Occupational Therapist Assistants and Aides - What They Do
Occupational therapist assistants and aides work under the supervision of occupational therapists to provide rehabilitative services to persons with mental, physical, emotional, or developmental impairments. The ultimate goal is to improve clients' quality of life and ability to perform daily activities. For example, occupational therapist assistants help injured workers re-enter the labor force by teaching them how to compensate for lost motor skills or help individuals with learning disabilities increase their independence.
Occupational therapist assistants help clients with rehabilitative activities and exercises outlined in a treatment plan developed in collaboration with an occupational therapist. Activities range from teaching the proper method of moving from a bed into a wheelchair to the best way to stretch and limber the muscles of the hand. Assistants monitor an individual's activities to make sure that they are performed correctly and to provide encouragement. They also record their client's progress for the occupational therapist. If the treatment is not having the intended effect, or the client is not improving as expected, the therapist may alter the treatment program in hopes of obtaining better results. In addition, occupational therapist assistants document the billing of the client's health insurance provider.
Occupational therapist aides typically prepare materials and assemble equipment used during treatment. They are responsible for a range of clerical tasks, including scheduling appointments, answering the telephone, restocking or ordering depleted supplies, and filling out insurance forms or other paperwork. Aides are not regulated by States, so the law does not allow them to perform as wide a range of tasks as occupational therapist assistants.
Occupational therapist assistants and aides need to have a moderate degree of strength because of the physical exertion required to assist patients. For example, assistants and aides may need to lift patients. Constant kneeling, stooping, and standing for long periods also are part of the job.
The hours and days that occupational therapist assistants and aides work vary by facility and whether they are full time or part time. For example, many outpatient therapy offices and clinics have evening and weekend hours to coincide with patients' schedules.
Occupational therapist assistants must attend a school accredited by the Accreditation Council for Occupational Therapy Education (ACOTE) in order to sit for the national certifying exam for occupational therapist assistants. There were 135 ACOTE accredited occupational therapist assistant programs in 2009.
The first year of study typically involves an introduction to healthcare, basic medical terminology, anatomy, and physiology. In the second year, courses are more rigorous and usually include occupational therapy courses in areas such as mental health, adult physical disabilities, gerontology, and pediatrics. Students also must complete at least 16 weeks of supervised fieldwork in a clinic or community setting.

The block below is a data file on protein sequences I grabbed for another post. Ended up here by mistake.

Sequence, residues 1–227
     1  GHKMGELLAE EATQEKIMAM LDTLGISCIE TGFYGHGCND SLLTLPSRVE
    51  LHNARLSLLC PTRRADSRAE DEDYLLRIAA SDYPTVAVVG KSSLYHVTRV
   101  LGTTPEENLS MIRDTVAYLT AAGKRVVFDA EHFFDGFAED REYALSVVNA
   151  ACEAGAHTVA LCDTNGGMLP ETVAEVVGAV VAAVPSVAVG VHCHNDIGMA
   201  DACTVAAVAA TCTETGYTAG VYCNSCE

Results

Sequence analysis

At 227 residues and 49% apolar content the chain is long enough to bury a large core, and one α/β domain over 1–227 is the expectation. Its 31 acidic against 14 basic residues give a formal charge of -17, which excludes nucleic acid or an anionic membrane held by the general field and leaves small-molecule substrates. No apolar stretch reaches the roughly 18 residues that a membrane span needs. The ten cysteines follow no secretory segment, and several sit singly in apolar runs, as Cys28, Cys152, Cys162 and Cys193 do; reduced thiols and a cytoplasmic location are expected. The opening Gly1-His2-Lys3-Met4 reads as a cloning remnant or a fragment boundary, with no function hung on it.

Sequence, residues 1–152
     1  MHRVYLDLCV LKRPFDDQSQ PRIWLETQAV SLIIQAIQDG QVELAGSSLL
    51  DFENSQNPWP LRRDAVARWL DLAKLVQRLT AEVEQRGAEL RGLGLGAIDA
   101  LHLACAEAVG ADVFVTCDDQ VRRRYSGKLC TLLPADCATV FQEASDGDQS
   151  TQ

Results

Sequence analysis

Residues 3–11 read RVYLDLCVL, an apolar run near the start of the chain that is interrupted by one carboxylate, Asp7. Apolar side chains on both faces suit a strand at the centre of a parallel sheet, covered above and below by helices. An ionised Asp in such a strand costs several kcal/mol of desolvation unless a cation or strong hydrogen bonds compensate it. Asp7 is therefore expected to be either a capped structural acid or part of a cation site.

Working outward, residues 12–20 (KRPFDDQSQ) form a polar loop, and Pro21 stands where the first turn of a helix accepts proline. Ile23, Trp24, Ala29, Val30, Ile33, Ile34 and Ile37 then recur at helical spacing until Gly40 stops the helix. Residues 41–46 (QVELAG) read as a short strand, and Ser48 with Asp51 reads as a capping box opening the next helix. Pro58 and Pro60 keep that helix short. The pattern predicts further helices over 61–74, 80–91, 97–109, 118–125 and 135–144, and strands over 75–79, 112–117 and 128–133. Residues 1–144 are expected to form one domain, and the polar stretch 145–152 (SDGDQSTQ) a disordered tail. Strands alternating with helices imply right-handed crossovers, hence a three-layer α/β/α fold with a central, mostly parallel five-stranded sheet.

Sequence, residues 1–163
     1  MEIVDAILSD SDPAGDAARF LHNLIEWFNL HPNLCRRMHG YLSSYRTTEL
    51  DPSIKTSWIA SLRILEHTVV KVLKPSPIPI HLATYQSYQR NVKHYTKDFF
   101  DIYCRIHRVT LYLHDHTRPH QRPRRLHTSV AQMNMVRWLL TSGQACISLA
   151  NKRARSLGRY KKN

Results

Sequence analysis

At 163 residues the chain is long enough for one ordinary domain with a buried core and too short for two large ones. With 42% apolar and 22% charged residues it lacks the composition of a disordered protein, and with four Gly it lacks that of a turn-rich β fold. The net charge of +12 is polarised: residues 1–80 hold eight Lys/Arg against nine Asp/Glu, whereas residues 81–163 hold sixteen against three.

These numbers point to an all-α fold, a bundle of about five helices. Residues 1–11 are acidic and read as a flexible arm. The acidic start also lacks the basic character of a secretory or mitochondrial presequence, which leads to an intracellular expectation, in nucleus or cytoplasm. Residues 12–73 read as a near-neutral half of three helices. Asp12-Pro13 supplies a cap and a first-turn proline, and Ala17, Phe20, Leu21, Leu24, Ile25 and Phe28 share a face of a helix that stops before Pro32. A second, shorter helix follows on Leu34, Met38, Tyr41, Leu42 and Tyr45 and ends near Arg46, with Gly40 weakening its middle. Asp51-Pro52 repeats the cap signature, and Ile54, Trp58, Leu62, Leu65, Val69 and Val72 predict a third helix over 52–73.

Applicants to occupational therapist assistant programs can improve their chances of admission by taking high school courses in biology and health and by performing volunteer work in nursing care facilities, occupational or physical therapists' offices, or other healthcare settings.
Occupational therapist aides usually receive most of their training on the job. Qualified applicants must have a high school diploma, strong interpersonal skills, and a desire to help people in need. Applicants may increase their chances of getting a job by volunteering their services, thus displaying initiative and aptitude to the employer.
Forty States, Guam, Puerto Rico, and the District of Columbia regulate the practice of occupational therapist assistants either by licensing, registration, or certification. In addition, eligibility requirements vary by State. Contact your State’s licensing board for specific regulatory requirements on occupational therapist assistants.
Some States have additional requirements for therapist assistants who work in schools or early intervention programs. These requirements may include education-related classes, an education practice certificate, or early intervention certification.
Certification is voluntary. The National Board for Certifying Occupational Therapy certifies occupational therapist assistants through a national certifying exam. Those who pass the test are awarded the title Certified Occupational Therapy Assistant (COTA). In some States, the national certifying exam meets requirements for regulation, but other States have their own licensing exam.
Occupational therapist assistants are expected to continue their professional development by participating in continuing education courses and workshops in order to maintain certification. A number of States require continuing education as a condition of maintaining licensure.
Assistants and aides must be responsible, patient, and willing to take directions and work as part of a team. Furthermore, they should be caring and want to help people who are not able to help themselves.